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Comment Re:Python (Score 1) 465

a complete answer would be Python and C++, because numpy/scipy can't do everything and Python is still very slow for number-crunching.

The problem with using the mix (when you actually write the C++ code yourself) is that debugging it is a major pain in the ass

+1 "I just spent three days chasing down build error that uses numpy/scipy"

Comment Re:Python (Score 1) 465

I have a friend who works for a company that does gene sequencing and other genetic research and, from what he's told me, the whole industry uses mostly python.

I work in a Gene Sequencing company and the current debate is: Python vs Clojure vs Scala:
Python unquestionably has the best bioinformatics support. Period. No debate. But the lack of language features has irked many programmers, myself included.
Clojure is gaining attention as a pure functional language with an R-like environment for large scale machine learning tasks. (Bioinformatics is machine learning applied to biomedicine). This makes porting Matlab/Octave/R code much easier, or so the thinking goes.
Scala has its backers. Java is nearly invisible in the bioinformatics world, but the JVM is hard to ignore. Scala has excellent support for Machine Learning but terrible support for "biological and medical applications". Hat tip: you can hire scala programmers or teach Scala to Java programmers in short time

BIG DATA is a bigger problem for us today than previously:
"genome wide arrays" used to mean all ~25,000 gene transcripts or 500,000 single DNA changes (SNP).
These revolutionary technologies are already considered "old".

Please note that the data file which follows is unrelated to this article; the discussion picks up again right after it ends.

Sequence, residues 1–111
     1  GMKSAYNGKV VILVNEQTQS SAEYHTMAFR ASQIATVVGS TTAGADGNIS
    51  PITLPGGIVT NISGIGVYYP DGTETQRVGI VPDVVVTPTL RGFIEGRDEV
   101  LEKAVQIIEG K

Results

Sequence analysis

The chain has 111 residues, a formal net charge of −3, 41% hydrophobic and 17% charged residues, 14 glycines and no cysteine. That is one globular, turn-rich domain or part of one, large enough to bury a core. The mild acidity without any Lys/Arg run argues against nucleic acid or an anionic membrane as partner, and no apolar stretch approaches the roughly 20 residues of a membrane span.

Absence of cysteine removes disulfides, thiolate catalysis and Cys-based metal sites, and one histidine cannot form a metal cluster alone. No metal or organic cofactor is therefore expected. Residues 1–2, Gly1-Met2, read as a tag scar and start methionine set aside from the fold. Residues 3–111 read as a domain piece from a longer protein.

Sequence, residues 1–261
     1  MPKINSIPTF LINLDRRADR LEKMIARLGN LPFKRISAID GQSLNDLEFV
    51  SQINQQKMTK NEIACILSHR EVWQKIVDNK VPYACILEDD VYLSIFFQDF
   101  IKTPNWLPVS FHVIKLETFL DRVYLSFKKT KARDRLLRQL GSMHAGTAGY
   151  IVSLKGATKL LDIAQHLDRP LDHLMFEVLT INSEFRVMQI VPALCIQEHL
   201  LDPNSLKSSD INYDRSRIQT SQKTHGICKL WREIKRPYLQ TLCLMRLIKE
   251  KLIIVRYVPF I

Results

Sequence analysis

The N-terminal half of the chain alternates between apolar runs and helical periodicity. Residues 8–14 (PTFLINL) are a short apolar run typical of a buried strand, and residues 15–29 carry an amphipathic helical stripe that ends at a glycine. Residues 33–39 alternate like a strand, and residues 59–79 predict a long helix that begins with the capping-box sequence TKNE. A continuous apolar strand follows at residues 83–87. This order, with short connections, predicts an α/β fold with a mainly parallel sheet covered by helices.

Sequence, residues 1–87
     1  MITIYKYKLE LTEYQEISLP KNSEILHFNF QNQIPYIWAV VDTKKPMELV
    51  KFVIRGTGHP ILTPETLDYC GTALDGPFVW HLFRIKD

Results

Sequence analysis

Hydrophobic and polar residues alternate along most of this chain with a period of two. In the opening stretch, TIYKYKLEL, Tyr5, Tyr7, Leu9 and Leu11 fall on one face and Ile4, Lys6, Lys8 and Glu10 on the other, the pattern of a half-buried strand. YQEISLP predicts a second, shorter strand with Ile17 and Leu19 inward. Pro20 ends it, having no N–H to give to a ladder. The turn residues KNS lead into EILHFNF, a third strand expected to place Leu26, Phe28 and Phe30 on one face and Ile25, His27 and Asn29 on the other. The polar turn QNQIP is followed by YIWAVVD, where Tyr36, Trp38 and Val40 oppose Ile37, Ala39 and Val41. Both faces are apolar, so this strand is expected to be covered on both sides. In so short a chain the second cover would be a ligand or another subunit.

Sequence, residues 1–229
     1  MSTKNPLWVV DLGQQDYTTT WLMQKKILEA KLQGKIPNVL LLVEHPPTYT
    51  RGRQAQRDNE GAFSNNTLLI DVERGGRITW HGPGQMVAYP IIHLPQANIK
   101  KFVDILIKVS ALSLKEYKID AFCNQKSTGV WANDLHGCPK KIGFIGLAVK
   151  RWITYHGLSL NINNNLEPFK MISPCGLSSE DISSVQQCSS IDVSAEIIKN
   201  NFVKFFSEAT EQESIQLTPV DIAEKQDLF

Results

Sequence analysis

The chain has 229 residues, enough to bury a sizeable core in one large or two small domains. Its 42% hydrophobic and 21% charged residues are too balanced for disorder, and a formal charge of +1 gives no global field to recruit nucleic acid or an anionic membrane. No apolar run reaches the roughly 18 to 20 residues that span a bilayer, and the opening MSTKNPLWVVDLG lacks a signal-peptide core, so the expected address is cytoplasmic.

The rise in performance and drop of cost of DNA sequencing is much faster than the commodification of CPUs during the internet dot-com race .

Comment AMD = case study in good engineering, bad biz dev (Score 1) 188

Recall when AMD first had 64bit support and intel was still doing *EMULATED* 32bit. AMD was hands down the best option. Either AMD biz dev was bad, or Intel biz dev was good (illegal?), or both. I suspect it was both. Having one CPU maker is bad for everyone. Long live AMD, I guess.

Comment Re:you have the source (Score 1) 566

How would they detect any shared properties?

Perhaps Covariance analysis? (mutual information, pearson, svd, etc).

Input: 3 data streams A,B,C each which are not truly random
Correlate: A&B, A&C, B&C
Subproblems: given A&B predict C
Subproblems: given A&C predict B
Subproblems: given B&C predict A

NSA has mathematicians better than I, for sure. My guess is that if an agency has altered an RNG then they have done so in a way that is systematic. These kinds of problems are common in analysis of complex systems -- given three non random variables with characteristic variance can you predict the output variable from the covariance? I dont think I could, but it seems feasible to me that the NSA could.

Comment Re:Here's your debate (Score 1) 566

NSA employs more mathematicians than anyone.
NSA uses linux for their data farms.
NSA is a code breaking agency.
NSA has worked with many tech companies, from wintel to google, stellar wind to TIA, etc, etc.

Occam's razor: which is more likely?
A) NSA worked with intel to provide a known hardware key OR
B) NSA did not work with Intel and chose instead to work with Microsoft, Google, Yahoo, Verizon, ISPs, etc, etc, etc

A is more likely.

Comment Re:you have the source (Score 1) 566

Entropy + mutual distrust = security
I would have never thought
MSS+KGB+NSA = privacy IFF every agency provides a mutually distrusted hardware key

But is this mathematically true? (honest question)
Shannon entropy also applies to mutual information
, which formally includes joint entropy, eg...."detecting when values change together".
If these same agencies were able to detect any shared properties (such as joint entropy), the encryption would be EASIER to break, not harder.

Comment Doesn't this give EFF standing to sue? (Score 1) 225

Previous court cases were thrown out because no one could prove they were being spied on. PERFECT ! Either: A) FBI can install equipment using by citing authorizations which gives ISPs and customers grounds to sue ...or... A) FBI cannot install equipment because they have cited no authorization to do so. SO which is it FBI? Are you, or are you not installing equipment? ** Fuck sports. GO TEAM EFF !!!! **

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